‘He’s everything we all should be’: Shooting victim left paralyzed, but determined to recover

Shooting victim left paralyzed, but determined to recover

NEW ORLEANS, La. (WVUE) - Family, friends and coworkers of a gunshot victim turned paraplegic gathered Saturday (June 29) to help raise money for his medical costs.

As someone who was always generous with his time and resources, those closest to Austin Boykins said giving back was a no-brainer. Aprial Bossette, Boykins’ sister, said the 22-year-old never once stopped to feel sorry for himself, even when he awoke to numbness in more than half of his body.

And while his injuries were confined to his lower body, Boykins said his mind felt numb, too.

“I didn’t really react the way a normal person what would. I didn’t cry, I didn’t yell. I didn’t say ‘woe is me,'" Boykins said.

But most would agree -- he had every reason to.

It was nearing 10 p.m. in late April, when Boykins set off to work, heading to the bus stop at Read and Curran boulevards.

“All of a sudden, out of nowhere, these two guys just came up. One of them had a gun. The other one just goes right behind me and took my book sack. He said, 'don’t move or I’ll shoot. So, I didn’t move,” Boykins recalled.

But when the armed robbery started to draw attention, Boykins called for help.

“He knocked me to the ground and the one with the gun shot me right here,” Boykins said, pointing to his chest. “He missed my heart and bruised my lung, but it still hit my spine.”

At first, Bossette said she couldn’t believe someone had done this to her brother.

“I was in disbelief. I was in shock,” she said.

Boykins’ family and friends rushed to his side. Known to others as kind and generous, many struggled to understand why this happened. But not Boykins.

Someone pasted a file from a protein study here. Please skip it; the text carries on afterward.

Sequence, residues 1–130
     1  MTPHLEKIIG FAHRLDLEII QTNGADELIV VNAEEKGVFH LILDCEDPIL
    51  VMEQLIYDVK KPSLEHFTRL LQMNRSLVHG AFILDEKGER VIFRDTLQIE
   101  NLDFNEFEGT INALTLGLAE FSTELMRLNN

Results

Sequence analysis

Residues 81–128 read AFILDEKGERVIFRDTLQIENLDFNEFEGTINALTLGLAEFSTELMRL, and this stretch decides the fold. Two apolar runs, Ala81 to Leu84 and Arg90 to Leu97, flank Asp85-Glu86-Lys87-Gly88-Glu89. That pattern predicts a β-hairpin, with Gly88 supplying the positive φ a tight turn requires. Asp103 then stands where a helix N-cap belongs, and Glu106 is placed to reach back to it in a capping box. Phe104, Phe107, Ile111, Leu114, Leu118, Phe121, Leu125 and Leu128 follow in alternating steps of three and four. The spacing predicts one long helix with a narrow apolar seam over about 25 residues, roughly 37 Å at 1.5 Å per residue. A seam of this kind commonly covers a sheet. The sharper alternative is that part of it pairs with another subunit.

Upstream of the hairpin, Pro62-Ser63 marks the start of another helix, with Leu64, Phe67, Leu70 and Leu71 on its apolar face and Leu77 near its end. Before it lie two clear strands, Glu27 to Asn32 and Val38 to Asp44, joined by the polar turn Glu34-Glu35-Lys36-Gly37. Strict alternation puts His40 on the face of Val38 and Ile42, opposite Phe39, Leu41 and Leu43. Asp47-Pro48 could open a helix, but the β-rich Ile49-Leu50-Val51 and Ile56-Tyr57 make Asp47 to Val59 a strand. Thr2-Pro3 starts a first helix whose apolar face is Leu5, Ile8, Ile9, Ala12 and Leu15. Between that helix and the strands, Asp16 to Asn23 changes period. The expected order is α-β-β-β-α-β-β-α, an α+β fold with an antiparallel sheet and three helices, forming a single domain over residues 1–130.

“I accepted it because it’s not stopping me from being who I am but, the fact of the matter is this kind of stuff happens in New Orleans all the time,” he said. "Fortunately, I’m alive. I’m glad I got away with just being paralyzed."

Now, almost three months later, Boykins is undergoing spinal therapy and learning how to take care of himself.

“Going for a walk, or maybe brushing my teeth, or getting myself ready for anything, really,” he said.

For his family, they’re still getting used to the adjustments, but Brossette said it’s well worth it to have Boykins alive and still smiling.

“It’s kind of strange, at times, because we forget we can’t take the stairs, or we’re gonna have to carry a wheelchair. So, when we go places, we don’t think to ask, ‘Is it wheelchair accessible?’” Brossette described. We just have to really do research now before we go places, before we do things, before we plan anything, so it just takes some, a little bit of tweaking to get used to it."

Though Boykins has accepted the fact that he’ll have to go on disability for a little while, he said he refuses to let this keep him down.

“I can get back on my feet,” Boykins said.

Rosie Cann, a former coworker, said she was ecstatic to see her friend was still himself, even after all the pain and tragedy he’d been handed.

“It’s still the same 'ole Austin, which I don’t think many people would be able to keep that sort of positivity in that situation,” Cann said. “He’s everything we all should be.”

And his loved ones said they couldn’t ask for more.

“I’m still coming here, saying hi to my friends, I’m still trying to see if I can find some form of work,” Boykins said.

But his fight is not over yet, as Boykins faces the prospect of another surgery.

“[The bullet is] still next to my spine. It’s still in there,” he said.

Boykins said it all depends on how rehab goes but, regardless of what the future holds, he said he’ll face it head on.

“It’s been a real roller coaster of emotions but I’m still going one step at a time,” he said.

Didi Miles was among those who came together Saturday to raise money with Boykins’ unexpected medical costs.

“The story touched a lot of people who don’t know him, and so they’re chipping in here and there, doing whatever they can,” Miles said.

While Boykins’ said what happened to him is a risk he took by living in New Orleans, Cann said it’s that same community that’s joining hands in the face of his tragedy.

“Part of what makes the city so wonderful is that people always come together and help and support each other, and Austin kind of exemplifies that every day,” she said.

There’s no knowing yet whether or not Boykins will undergo the next surgery, as doctors aren’t have not determined if removing the bullet would help him or harm him.

If you’d like to donate to his medical expenses, Boykins’ family is raising money here: gofundme.com/f/benefit-for-austin-boykins/.

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